What Does It Take to be Good Parents?
Good morning ladies and gentlemen. I am Chong Cia Ling, the founder of Brainy Montessori. I am so grateful to have such an honour standing here to deliver my speech entitled “What does it take to be good parents?”. I am sure all the parents here will agree with me that being parents is tough. Bringing up children is a very difficult task. Everyone wishes to be good parents. However, sometimes we could be so discouraged and helpless when we get the feedback that we are not good parents although we have done our upmost to provide the best for our children. What is the cause of that? Today, let us learn how to be good parents together. A parent is said to be a good parent only after seeing how he has brought up his children. They should bring up the children in a very good discipline. However, we need to bear in mind that discipline does not mean that they have to punish their children for every wrong doing. Recently there is a famous video of a Texas judge hitting his teenage daughter repeatedly with a belt. This father justified his actions as “discipline.” I beg to differ. According to the video, the father is not disciplining his daughter. He is engaging in an act of punishment intent on hurting, humiliating and controlling her! Well, it is common that children do mistakes. Yet, what a good parent must do is he has to teach him how to differentiate what is good and what is bad. We need to understand that giving punishment especially physical punishment will not help children in a way instead it will create new problems. Indeed, it hurts. For instance, children will become rebellious as they have already got used to the corporal punishment. Eventually, they will develop hatred towards their parents. Deborah Sendek (2011) also claims that physical punishment is ineffective in parenting. It can easily escalate and cross the line to abuse and serious injury, particularly when an instrument is used. Children become emotionally alienated from parent who hits them frequently. Research also shows that physical punishment makes it more likely that children will be defiant and aggressive in the future. These research findings have been endorsed by many prominent organizations, including the American Academy of Pediatrics, the American Medical Association, Voices for America's Children, the National PTA, and the International Society for Prevention of Child Abuse and Neglect that advocate against corporal punishment. We cannot deny that children need guidance and discipline but what works? Effective discipline helps a child to develop self-control by teaching, guiding, modeling and explaining what is wrong and what to do instead. Effective discipline starts with our attitudes about children and their behaviour. Redirection, discipline or punishment must include an explanation of why a behavior is unacceptable and what behavior is expected. Many times a child's misbehavior is a mistake in judgment. In contrast, we hope our own mistakes serve as learning opportunities. We need to apply this same rule to children. We must curb our anger and allow time to think about what we want to teach. Positive and proactive discipline strategies work from toddlers to teenagers. In today’s society, parents always have no time for children and thus, they hire maids to take care of children and give them what they want. In this way, parents feel that they have fulfilled their duty but it is not true! According to Duncan, making a child feel cherished is the single most important quality of an effective parent. It is also proved that in child development, kids who feel loved and cherished thrive. Duncan recommends spending time with your children doing what she wants to do. Every child needs to feel a sense of love and parents must love wisely. For example, play your child favourite game and read together. Besides, parents should be like friends to their children. They have to discuss everything and spend...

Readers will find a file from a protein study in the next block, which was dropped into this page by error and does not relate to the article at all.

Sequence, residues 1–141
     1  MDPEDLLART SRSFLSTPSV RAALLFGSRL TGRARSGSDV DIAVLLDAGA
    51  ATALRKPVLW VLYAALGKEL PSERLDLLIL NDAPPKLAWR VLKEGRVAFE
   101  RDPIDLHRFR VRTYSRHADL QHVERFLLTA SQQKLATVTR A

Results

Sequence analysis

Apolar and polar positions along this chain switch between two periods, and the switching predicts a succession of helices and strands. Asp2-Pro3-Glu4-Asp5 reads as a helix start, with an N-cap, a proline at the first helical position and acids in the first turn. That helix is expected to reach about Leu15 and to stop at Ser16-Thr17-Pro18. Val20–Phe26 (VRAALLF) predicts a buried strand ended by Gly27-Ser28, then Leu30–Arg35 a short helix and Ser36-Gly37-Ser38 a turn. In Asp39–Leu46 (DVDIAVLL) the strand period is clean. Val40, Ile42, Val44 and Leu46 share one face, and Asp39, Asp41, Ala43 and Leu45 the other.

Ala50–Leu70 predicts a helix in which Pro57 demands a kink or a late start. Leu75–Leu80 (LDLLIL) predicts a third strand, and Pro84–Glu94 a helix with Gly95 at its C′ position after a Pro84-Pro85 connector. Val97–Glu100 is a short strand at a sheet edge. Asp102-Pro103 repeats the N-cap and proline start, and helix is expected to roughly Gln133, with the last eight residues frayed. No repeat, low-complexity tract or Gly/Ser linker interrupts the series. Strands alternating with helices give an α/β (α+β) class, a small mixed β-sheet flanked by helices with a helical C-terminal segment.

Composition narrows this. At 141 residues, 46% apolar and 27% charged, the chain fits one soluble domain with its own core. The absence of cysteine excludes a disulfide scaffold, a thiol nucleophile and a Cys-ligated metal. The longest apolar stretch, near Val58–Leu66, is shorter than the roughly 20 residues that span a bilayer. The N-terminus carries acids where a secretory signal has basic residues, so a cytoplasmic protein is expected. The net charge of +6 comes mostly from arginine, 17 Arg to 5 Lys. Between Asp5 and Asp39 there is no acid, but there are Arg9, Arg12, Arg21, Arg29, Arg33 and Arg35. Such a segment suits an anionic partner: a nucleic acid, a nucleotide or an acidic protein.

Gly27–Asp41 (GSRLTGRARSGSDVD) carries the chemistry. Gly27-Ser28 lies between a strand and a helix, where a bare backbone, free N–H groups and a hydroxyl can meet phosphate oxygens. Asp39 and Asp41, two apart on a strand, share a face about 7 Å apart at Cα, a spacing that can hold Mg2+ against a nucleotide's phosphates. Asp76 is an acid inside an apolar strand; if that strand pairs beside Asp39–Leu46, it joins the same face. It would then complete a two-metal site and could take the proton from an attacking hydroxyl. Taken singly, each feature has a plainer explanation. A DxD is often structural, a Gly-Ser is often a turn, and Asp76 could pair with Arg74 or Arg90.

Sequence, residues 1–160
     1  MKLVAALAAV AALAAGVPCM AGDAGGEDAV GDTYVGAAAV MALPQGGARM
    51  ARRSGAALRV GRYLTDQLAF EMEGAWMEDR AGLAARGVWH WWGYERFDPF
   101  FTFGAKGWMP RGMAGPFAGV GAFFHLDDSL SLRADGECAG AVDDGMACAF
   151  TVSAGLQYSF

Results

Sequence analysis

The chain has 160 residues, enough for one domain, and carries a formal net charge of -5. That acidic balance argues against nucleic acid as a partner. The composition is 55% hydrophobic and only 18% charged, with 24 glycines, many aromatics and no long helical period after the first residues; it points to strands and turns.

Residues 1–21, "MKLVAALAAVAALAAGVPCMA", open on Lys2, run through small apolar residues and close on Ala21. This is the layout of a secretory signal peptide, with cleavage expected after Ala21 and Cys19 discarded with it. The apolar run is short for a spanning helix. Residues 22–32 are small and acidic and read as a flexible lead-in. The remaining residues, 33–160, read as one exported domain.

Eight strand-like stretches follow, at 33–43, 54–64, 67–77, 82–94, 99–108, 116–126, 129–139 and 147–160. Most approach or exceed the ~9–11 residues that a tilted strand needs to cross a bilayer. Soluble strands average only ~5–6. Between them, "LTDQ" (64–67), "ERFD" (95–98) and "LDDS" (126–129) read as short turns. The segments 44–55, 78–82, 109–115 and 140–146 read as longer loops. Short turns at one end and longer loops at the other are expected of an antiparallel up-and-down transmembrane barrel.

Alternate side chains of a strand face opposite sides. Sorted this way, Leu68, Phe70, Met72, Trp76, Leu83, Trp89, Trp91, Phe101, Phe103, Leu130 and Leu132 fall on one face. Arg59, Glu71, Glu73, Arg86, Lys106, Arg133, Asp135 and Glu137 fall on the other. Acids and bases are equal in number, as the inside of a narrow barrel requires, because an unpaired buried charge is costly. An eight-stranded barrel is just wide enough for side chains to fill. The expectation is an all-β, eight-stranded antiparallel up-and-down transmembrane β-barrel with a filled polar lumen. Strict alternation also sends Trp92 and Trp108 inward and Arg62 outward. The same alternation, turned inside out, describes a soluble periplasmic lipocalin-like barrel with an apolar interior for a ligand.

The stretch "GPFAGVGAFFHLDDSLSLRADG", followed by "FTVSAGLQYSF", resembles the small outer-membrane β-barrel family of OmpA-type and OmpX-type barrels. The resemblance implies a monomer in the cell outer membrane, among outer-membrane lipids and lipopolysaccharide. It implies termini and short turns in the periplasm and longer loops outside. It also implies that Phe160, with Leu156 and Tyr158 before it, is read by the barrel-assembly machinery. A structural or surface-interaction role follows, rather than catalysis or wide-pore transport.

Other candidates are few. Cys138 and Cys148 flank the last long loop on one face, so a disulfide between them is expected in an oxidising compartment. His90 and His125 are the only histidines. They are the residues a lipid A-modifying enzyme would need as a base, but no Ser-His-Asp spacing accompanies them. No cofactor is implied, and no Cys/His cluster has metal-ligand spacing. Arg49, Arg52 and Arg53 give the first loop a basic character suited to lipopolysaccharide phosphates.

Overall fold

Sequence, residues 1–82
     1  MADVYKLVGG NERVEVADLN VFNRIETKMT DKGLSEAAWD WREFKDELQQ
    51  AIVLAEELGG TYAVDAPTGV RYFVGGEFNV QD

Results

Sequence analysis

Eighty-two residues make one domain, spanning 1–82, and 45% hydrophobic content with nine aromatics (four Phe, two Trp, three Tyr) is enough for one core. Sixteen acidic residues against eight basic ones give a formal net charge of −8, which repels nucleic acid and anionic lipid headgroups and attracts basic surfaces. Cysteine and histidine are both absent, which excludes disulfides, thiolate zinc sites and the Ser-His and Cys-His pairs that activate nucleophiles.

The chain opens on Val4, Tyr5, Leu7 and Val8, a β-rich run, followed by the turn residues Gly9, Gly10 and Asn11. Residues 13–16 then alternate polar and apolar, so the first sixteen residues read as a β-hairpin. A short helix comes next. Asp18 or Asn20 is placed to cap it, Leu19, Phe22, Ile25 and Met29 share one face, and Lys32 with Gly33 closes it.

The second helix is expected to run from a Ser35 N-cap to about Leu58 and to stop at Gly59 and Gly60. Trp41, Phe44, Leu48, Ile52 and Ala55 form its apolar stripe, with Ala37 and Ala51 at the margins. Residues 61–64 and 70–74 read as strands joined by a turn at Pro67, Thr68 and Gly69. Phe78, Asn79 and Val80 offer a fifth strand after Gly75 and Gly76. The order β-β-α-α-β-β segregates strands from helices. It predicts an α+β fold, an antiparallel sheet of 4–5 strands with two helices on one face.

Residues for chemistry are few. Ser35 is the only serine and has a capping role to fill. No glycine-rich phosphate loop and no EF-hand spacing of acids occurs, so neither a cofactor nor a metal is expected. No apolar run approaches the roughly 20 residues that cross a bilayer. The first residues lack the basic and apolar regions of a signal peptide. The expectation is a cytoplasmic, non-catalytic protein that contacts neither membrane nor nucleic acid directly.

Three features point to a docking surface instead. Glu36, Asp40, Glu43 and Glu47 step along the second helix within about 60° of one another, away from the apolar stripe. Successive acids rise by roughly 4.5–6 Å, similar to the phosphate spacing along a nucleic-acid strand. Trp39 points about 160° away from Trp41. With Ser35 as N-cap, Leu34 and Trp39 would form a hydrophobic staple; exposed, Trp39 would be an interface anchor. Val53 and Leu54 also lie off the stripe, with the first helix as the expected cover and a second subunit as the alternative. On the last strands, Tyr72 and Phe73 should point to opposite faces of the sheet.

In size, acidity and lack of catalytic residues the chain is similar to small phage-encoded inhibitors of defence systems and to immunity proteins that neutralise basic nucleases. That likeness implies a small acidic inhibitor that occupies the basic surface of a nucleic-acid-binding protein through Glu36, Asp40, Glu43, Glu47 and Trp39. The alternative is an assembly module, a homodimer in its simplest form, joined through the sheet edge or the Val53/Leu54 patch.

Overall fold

References: Deborah Sendek. (2011). Physical Punishment Doesn 't help, It Hurts. Retrieved from
Don’t Compare Your Kids to Others. Retrieved from
Respecting and Giving Kids Their Privacy. Retrieved from
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